Kasbah du Toubkal is possibly the most remote place I’ve ever lodged in. Located in the heart of the Atlas Mountains of Morocco, it is the stunning result of an extraordinary venture between Berber and European entrepreneurs. Part of the properties listed with Pure Life Experiences, Kasbah du Toubkal is not simply a centuries-old castle in a stunning location in North Africa (although that in itself is already amazing), but an experience unto its own.
As a testament to the beauty and mystery of the Kasbah and the village of Imlil in which it is situated, Martin Scorsese shot an epic biographical film about the life of the 14th Dalai Lama in the region. For the month of November, back in 1996, Kasbah was temporarily transformed into Dungkar, a Tibetan Monastery.
The story of Kasbah du Toubkal is one of rags to riches. Found in complete ruin in 1989 by two British brothers who loved trekking in this area of the Atlas Mountains, they, with their Morrocan partner, began realising their vision of a unique retreat. One that would stay true to the heritage of the Toubkal, the Atlas Mountains, and most importantly, to the town of Imlil and Berber culture.
They succeeded. After years of refurbishment, with the help of the surrounding villages, Kasbah du Toubkal is one of the most authentic places we have had the pleasure of visiting. Perched on a hilltop, with the tallest peak in Northern Africa soaring in front of its balconies, its location is unique and unlike any other. All around are winding roads cutting through many little valleys, populated with small villages that hark from a more pastoral time. Its remote location definitely made us appreciate what a feat it was to have refurbished the Kasbah. Even today, the only way of getting there is first with a donkey, than by foot. In order to build it, the builders and artisans must have brought up the building material with donkeys, or on their backs. And they must have built it all up by hand, rock by rock, brick by brick.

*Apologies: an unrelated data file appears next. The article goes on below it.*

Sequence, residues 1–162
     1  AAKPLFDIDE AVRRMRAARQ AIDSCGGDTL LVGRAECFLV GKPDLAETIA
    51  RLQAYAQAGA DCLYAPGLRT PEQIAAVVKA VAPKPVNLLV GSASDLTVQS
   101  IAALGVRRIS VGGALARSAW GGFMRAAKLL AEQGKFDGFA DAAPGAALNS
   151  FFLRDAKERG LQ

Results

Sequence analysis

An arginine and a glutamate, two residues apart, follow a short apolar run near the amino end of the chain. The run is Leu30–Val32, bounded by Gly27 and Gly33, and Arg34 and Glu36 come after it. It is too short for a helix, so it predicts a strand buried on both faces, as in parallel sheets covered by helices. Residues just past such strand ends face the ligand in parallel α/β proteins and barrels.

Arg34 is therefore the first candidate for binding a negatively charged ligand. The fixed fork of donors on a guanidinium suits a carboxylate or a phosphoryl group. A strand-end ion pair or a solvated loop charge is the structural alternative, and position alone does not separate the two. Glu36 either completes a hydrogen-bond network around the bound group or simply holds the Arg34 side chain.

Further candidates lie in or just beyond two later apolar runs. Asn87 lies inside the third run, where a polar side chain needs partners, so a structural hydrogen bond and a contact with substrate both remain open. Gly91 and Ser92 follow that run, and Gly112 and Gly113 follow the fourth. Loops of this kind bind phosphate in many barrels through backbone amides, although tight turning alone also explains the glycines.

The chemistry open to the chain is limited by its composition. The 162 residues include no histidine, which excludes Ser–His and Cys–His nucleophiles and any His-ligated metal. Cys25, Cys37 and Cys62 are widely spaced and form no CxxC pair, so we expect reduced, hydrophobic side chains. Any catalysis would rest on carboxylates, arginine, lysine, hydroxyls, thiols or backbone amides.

We were told by our guide, Mustafa, that most of the area was only connected to electricity not that long ago. Much of life is conducted today as it had been centuries ago. Carpets being washed in river and hung on rooftops, firewood being collected, garden agriculture and subsistence farming. Many do leave the area for life in the city, but the ones that stay preserve their traditional ways of life. Now, whether they would prefer more technological progress or not, I won’t make any judgements. But as things stood, they certainly loved where they lived, and their present way of living.
Kasbah du Toubkal was a beautiful complex. We could have stayed there for many more days, despite there having been nothing else to do save read, hike and eat the amazing food prepared by local chefs. It sports a cosy courtyard, populated by several families of beautiful cats which we had quite a lot of fun with, many roof balconies on which to lounge and read, and a traditional sauna, perfect for resting sore muscles after a long day’s hike.
The best thing about staying at the Kasbah though, were the staff. Lodging here felt far more like staying in a Berber home than in a hotel. We were here pretty much all throughout the day and were completely in the hands of the Berber staff that took care of us. They were very enthusiastic about showing us how things were done and were always up for a chat, whether it was about the property, the food, or even the cats that lived in the courtyard and the plants which grew there.
Our rooms were simple but comfortable. We stayed in two different accommodations during our time there – an older room and a newer one further away from the central courtyard. Both were lovely – the older one had more charm, but the newer one was more spacious. But ultimately it didn’t matter. We were truly in paradise, wherever we looked. Although it was a beautiful, cheerful place, it still retained a powerful sense of mystery and exoticism. Stepping into the Kasbah felt like entering a world that we could only ever sneak a glimpse of.